Two Australian men who had been receiving HIV treatment have both had their viral loads brought down to undetectable levels following bone marrow transplants. The announcement came from David Cooper from the University of New South Wales during a press briefing ahead of next week’s 20th International AIDS Conference in Melbourne.
The two men, ages 47 and 53, respectively received bone marrow transplants three and four years ago to treat lymphoma and leukemia. Though the HIV virus is no longer detectable in either of them, they are still undergoing antiretroviral therapy (ART) as a precaution, and Cooper refuses to say that the men have been “cured” due to the possibility of relapse, as witnessed in other patients whose viral loads had dropped to undetected levels only to reappear later.
HIV can hide within the body in what is called the latent reservoir. Here, the virus becomes inactive and therefore cannot be targeted by ART. Eventually, the virus can become reactivated and begin to reproduce. It was announced last fall that the reservoir is up to 60 times larger than previously believed, which makes the task of finding the hidden virus much more difficult.
At last year’s conference of the International AIDS Society, Timothy Henrich from Boston’s Brigham and Women’s Hospital announced that he had helped treat two patients whose HIV also became undetectable following bone marrow transplants. One of the patients received bone marrow from an individual who had one copy of a rare variant of the CCR5 gene which prevents HIV from infecting target cells. Both men quit taking ART, but the virus returned several months later. It was this announcement that inspired Cooper to investigate his records and find HIV patients who had received bone marrow transplants.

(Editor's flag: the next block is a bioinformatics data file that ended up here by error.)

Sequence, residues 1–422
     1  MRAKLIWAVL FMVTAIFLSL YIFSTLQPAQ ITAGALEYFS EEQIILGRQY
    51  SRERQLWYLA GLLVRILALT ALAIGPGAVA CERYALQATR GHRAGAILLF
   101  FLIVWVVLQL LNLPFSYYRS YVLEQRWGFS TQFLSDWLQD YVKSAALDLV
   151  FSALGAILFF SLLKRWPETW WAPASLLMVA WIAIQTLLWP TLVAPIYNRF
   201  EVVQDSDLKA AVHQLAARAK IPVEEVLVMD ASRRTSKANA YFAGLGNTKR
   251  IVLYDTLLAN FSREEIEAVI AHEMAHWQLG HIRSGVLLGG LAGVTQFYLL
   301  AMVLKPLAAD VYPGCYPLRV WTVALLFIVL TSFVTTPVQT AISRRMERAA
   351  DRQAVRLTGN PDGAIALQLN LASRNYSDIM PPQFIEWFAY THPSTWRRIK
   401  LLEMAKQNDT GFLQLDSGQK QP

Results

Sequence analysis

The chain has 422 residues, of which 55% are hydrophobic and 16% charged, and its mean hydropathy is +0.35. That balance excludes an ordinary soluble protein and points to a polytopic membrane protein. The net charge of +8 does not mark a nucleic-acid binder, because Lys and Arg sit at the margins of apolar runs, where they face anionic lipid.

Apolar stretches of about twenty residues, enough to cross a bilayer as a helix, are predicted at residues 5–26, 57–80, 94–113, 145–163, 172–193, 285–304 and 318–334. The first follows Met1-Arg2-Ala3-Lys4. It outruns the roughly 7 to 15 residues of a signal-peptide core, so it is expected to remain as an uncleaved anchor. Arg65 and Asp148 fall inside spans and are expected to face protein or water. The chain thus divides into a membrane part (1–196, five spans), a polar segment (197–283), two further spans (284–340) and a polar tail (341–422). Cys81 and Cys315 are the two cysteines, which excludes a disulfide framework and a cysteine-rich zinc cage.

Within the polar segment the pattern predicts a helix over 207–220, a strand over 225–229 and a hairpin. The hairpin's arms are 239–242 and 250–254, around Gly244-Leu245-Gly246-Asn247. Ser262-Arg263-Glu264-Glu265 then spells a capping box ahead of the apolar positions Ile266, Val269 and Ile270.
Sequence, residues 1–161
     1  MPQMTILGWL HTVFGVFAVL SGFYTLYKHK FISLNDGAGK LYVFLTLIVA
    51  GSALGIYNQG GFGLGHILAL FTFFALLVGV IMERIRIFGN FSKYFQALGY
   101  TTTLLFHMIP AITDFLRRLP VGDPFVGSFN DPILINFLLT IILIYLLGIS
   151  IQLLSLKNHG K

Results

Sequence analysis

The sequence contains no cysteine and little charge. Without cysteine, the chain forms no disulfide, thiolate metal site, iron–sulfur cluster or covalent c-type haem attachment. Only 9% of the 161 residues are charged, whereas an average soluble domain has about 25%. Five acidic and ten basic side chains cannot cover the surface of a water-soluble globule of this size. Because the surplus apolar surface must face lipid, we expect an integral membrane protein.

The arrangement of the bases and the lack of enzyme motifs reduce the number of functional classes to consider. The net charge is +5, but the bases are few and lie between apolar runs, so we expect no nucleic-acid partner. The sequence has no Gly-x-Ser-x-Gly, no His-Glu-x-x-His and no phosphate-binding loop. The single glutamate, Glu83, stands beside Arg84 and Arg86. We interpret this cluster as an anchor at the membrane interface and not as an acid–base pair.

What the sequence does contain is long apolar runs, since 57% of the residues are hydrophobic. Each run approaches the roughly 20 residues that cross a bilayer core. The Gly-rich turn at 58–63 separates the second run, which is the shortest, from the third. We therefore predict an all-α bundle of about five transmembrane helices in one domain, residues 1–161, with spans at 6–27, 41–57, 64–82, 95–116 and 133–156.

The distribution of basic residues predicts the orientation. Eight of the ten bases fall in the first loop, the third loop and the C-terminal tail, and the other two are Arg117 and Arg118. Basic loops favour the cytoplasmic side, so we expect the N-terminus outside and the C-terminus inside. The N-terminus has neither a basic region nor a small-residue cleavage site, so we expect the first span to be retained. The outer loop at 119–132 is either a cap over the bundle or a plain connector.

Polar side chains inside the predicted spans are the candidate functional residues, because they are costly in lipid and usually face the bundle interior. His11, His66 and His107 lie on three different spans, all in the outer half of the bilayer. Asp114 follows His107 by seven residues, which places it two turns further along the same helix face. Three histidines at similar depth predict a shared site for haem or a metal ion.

In 2010, a baby was born in Mississippi to a woman who did not know she was infected and had not taken ART throughout the pregnancy, which would have drastically reduced the chance for transmission. Starting one day after birth, the baby was subjected to an aggressive medication regime in order to reduce the virus. After 18 months, the HIV was no longer detectable and the treatment stopped for the next two years. Unfortunately, it was announced last week that a routine blood test showed that the virus had returned, and the child is again receiving treatment.
Only one person has been able to stay functionally “cured” of HIV following a bone marrow transplant. American Timothy Ray Brown, better known as The Berlin Patient, received a bone marrow transplant in 2008 to treat his acute myeloid leukemia. His donor had both copies of the HIV-resistant CCR5 variant and the HIV became undetectable in his system after the procedure. Even without continuing ART, he has remained free of the virus.
Bone marrow transplants can be dangerous and have a 10% mortality rate, so it is not something that could be used as a quick fix for the 35 million people around the globe with HIV. However, by analyzing the patients who have had the virus made undetectable, scientists can learn more about the mechanisms that fight HIV and find a safer way to replicate that process.